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From the Chains of Trafficking to the Ties of Christian Community

In March 2018 a bold decree was made by Oba Ewuare II, the traditional ruler of the kingdom of Benin (located in southern Nigeria). Oba Ewuare II was upset that his beloved kingdom had received negative international press regarding the high numbers of women and girls who are coerced into trafficking and sexual exploitation and “bound” to their traffickers through voodoo juju rituals, so he decreed that all victims of these rituals are free.

“Now we are part of a community”: Youhanna, Yosra, & Abeer

Youhanna and Yosra, and their four adult children Martin, Alen, Aiden, and Abeer are from Qaraqosh, Iraq. In 2014 they were forced to flee their home when ISIS invaded and destroyed their predominantly Christian area. After spending several years in asylum in Lebanon, they had the good fortune of being sponsored to come to Canada by Harvest Bible Chapel. Martin arrived in September of 2017 and the rest of the family arrived in January of 2018.

Confronting My Silence

I wish I had taken a vow of silence. But I haven’t. Far from any overtly noble rationale, I simply went quiet. For the past 11 months, I’ve hardly done any writing, I’ve only read two books, and I’ve been abnormally disengaged from the urgent crises and conversations of the past year. And I don’t have a good justification for doing so.

More recently – and more substantively – however, I’ve started to recognize three different themes that have impacted my lack of writing this past year.

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Jesus' Take on Family Values

We’ve been hearing lots of talk about family lately.

In the USA, the nomination of a new Supreme Court judge has prompted talk of family values. The detainment and separation of migrant families has done the same. In Canada, the announcement of compensation for those harmed by the Sixties and Seventies Scoop has raised questions about Canada’s treatment of Indigenous families. And then, of course, there is the more banal talk of family vacations and weddings that each summer brings.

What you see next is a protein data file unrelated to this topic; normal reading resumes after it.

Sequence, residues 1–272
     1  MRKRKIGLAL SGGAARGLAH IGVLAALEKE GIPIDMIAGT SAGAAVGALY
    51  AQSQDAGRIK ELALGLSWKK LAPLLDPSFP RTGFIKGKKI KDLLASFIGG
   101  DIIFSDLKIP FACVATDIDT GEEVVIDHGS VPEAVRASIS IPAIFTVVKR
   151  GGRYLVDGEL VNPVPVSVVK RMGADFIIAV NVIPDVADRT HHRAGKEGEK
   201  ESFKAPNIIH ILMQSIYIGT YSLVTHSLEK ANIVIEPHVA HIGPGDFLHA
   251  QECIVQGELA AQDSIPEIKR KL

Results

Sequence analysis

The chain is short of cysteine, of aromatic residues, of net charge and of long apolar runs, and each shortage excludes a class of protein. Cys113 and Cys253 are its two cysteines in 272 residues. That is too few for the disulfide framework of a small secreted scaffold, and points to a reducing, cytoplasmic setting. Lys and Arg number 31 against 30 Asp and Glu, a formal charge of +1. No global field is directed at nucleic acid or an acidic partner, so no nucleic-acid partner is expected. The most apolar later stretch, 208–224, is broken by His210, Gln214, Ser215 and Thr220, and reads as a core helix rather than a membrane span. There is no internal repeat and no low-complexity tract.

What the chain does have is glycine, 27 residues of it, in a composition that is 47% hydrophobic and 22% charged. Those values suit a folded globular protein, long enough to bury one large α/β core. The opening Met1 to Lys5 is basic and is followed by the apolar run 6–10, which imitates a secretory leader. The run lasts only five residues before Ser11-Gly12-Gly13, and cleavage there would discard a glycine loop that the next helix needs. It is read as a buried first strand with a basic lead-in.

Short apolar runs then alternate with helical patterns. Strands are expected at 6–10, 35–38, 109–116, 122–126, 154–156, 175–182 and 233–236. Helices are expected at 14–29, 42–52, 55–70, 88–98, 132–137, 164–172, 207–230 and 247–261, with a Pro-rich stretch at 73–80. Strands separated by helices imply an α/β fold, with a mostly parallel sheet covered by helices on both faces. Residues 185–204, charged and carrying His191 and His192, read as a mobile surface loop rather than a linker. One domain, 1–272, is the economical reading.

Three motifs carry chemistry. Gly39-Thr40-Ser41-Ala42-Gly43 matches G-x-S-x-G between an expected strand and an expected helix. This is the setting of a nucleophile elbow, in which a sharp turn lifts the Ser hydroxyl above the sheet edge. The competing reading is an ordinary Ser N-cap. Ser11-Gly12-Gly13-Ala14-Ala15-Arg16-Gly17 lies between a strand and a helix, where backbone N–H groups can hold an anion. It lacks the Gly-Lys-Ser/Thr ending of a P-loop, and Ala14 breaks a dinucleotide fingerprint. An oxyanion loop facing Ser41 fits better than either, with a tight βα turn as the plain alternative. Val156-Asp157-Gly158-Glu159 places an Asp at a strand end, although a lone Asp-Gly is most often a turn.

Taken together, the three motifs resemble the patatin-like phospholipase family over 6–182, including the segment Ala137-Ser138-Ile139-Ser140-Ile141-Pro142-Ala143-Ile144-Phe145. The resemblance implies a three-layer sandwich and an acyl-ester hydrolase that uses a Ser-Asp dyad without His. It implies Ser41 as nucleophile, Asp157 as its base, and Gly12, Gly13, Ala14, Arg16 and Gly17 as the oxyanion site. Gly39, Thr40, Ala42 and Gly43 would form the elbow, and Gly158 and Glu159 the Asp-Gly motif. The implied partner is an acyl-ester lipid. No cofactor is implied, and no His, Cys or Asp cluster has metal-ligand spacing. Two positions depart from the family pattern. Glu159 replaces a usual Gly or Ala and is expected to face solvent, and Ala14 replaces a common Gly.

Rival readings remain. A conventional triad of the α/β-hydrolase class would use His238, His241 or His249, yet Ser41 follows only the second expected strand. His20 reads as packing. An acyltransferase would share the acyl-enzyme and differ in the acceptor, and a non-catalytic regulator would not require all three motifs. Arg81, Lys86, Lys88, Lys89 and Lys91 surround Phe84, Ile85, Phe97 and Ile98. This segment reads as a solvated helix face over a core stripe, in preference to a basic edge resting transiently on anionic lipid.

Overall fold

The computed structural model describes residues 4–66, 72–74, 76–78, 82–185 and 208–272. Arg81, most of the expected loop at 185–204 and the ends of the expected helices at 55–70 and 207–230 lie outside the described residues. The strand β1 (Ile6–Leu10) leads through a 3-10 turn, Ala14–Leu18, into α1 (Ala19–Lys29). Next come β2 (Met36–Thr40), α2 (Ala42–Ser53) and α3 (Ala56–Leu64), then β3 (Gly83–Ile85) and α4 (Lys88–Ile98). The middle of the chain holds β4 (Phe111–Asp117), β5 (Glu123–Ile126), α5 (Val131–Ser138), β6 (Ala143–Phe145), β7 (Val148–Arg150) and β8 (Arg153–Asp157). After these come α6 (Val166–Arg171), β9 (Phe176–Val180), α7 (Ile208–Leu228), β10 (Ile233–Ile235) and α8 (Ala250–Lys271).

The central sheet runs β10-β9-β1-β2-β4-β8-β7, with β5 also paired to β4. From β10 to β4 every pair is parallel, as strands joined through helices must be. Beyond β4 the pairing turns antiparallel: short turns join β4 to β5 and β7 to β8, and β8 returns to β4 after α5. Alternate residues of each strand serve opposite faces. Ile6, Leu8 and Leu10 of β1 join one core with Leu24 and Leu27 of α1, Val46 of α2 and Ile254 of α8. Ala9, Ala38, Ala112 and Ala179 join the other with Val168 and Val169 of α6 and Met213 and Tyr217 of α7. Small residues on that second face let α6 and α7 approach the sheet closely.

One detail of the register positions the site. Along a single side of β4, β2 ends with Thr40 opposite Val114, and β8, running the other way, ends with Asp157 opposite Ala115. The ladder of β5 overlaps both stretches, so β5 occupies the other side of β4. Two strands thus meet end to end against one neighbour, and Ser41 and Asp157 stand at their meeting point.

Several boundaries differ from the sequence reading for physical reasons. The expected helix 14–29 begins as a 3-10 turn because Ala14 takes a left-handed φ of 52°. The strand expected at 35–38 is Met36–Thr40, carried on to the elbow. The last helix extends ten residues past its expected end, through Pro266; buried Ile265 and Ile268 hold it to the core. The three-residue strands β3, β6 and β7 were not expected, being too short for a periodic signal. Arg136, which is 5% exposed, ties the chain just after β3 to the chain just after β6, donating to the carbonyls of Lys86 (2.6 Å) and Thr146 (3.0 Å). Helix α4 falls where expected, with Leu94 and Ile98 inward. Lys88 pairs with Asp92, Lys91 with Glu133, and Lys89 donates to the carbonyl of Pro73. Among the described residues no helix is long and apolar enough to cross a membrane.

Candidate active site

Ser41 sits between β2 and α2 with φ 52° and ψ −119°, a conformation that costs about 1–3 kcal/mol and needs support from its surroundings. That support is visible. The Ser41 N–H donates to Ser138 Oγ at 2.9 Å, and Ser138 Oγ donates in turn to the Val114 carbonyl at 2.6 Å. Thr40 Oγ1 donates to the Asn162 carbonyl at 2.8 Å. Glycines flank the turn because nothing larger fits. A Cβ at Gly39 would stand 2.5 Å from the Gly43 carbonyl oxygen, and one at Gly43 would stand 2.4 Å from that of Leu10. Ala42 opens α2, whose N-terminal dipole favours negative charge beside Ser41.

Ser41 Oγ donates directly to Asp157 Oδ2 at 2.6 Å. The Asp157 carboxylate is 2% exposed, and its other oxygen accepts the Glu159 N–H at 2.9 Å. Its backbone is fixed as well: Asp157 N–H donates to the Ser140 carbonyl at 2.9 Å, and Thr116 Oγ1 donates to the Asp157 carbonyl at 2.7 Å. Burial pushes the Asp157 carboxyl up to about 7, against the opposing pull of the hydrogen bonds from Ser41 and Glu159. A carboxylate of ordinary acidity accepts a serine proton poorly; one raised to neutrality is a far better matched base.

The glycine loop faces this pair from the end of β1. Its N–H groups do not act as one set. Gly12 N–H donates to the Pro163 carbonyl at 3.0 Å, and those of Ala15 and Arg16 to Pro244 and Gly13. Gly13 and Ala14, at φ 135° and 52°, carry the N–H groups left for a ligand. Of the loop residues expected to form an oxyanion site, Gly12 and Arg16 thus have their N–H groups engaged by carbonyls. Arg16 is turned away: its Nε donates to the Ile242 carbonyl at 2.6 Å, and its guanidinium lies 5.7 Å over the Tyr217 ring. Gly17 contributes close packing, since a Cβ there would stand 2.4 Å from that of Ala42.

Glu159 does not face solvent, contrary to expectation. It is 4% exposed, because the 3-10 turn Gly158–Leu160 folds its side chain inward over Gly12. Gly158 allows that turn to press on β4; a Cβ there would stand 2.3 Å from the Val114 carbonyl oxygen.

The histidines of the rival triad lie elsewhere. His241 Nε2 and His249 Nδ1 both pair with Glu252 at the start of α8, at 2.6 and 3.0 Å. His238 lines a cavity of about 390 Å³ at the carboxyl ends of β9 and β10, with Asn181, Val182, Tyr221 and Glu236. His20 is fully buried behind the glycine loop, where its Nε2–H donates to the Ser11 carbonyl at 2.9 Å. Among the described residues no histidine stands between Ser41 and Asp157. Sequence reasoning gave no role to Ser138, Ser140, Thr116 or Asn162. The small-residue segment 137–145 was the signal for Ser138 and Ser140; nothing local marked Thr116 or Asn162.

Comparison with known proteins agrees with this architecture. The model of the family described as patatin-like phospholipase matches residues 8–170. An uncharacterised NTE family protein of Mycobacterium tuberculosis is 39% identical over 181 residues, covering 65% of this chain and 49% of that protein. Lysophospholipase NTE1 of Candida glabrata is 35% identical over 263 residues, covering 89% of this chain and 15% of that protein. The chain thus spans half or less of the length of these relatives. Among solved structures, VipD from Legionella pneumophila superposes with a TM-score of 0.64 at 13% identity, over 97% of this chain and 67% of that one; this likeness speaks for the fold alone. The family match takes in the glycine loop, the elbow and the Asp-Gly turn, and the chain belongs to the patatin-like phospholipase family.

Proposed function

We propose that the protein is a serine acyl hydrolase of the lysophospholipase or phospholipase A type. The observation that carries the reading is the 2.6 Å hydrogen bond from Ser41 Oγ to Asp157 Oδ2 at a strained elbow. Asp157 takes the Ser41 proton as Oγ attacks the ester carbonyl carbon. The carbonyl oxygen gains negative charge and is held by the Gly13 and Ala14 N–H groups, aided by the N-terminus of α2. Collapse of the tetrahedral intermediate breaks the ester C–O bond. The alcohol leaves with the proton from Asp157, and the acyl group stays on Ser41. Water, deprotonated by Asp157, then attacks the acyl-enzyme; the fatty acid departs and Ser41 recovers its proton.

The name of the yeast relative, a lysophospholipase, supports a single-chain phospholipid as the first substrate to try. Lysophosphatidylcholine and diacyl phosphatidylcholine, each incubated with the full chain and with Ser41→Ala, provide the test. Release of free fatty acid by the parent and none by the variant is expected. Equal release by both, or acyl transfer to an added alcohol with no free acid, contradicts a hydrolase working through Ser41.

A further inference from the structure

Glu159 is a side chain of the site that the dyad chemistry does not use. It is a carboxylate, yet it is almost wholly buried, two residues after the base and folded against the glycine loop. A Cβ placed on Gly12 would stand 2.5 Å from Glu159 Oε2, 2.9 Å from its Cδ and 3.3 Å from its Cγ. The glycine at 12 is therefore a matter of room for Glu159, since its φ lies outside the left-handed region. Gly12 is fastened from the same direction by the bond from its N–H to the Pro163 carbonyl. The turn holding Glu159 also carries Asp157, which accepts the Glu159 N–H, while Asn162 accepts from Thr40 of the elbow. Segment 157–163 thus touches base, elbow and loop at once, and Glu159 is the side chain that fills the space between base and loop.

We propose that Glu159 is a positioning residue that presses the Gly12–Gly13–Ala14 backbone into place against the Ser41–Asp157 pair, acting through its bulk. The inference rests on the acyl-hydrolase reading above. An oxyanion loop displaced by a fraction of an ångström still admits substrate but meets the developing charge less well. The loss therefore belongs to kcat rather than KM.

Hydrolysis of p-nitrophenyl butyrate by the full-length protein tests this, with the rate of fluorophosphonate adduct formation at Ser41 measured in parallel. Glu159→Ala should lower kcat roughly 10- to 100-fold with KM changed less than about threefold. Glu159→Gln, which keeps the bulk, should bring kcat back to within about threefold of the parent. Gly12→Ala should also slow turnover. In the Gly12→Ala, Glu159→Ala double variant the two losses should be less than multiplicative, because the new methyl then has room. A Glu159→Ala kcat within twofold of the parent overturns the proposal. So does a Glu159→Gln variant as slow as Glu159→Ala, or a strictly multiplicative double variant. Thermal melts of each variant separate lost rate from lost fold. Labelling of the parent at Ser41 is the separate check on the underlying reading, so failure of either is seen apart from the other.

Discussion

Finding Hope in 2018

As we sat in the fireside room at A Rocha’s property, Sir Ghillean Prance, a small group of volunteers and I (a stay-at-home mom) we felt a sense of awe that this man, who had been knighted by the queen for his work as a botanist, was so down to earth and hope-filled. One thing he said has stuck with me. When asked what gave him hope over his long career –he knew about and was working towards combating climate change already 20 years ago – his answer was: “Christ’s resurrection and human ingenuity”. 

Hospitality Builds Bridges

I had the opportunity to study abroad this past semester in Amman, Jordan. I’m not going to lie, I was a bit nervous about living in a foreign country for four months and attempting to learn the basics of a challenging language, while learning the ins and outs of a culture so opposite of mine in many ways.  

On the Road Together towards Justice

Review of Journeys to Justice (Novalis, 2018) by Joe Gunn

How should churches deal with political issues? That question has long sparked incandescent discussions among Christians. Many hold that God calls Christians to promote public justice. Yet we differ strongly on what those policies and which political parties, if any, Christians should support. With many white evangelicals backing Donald Trump in 2016’s presidential campaign, the issue soared into public consciousness, triggering months of embarrassing negative media coverage.

Summer Justice Reads - CRC Staff Picks

Looking for summer beach reads? Here's what some Christian Reformed justice staff are reading this summer. 

Barracoon: The Story of the Last “Black Cargo - Zora Neale Hurston

Viviana Cornejo

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I became personally involved in questions of justice in Palestine/Israel because of a friendship with someone who grew up and went to the Catholic school in Jerusalem. He had to leave in 1967 and has no right of return to his home. It is a great sadness for him. Now he does not want to go back because he would not be able to bear going there while his homeland is under Israeli military occupation.

Is Jesus a Zionist?

Jesus would find modern Zionism peculiar. More than that, in his own day, he rejected the closest thing to it. But first let’s explain our terms.

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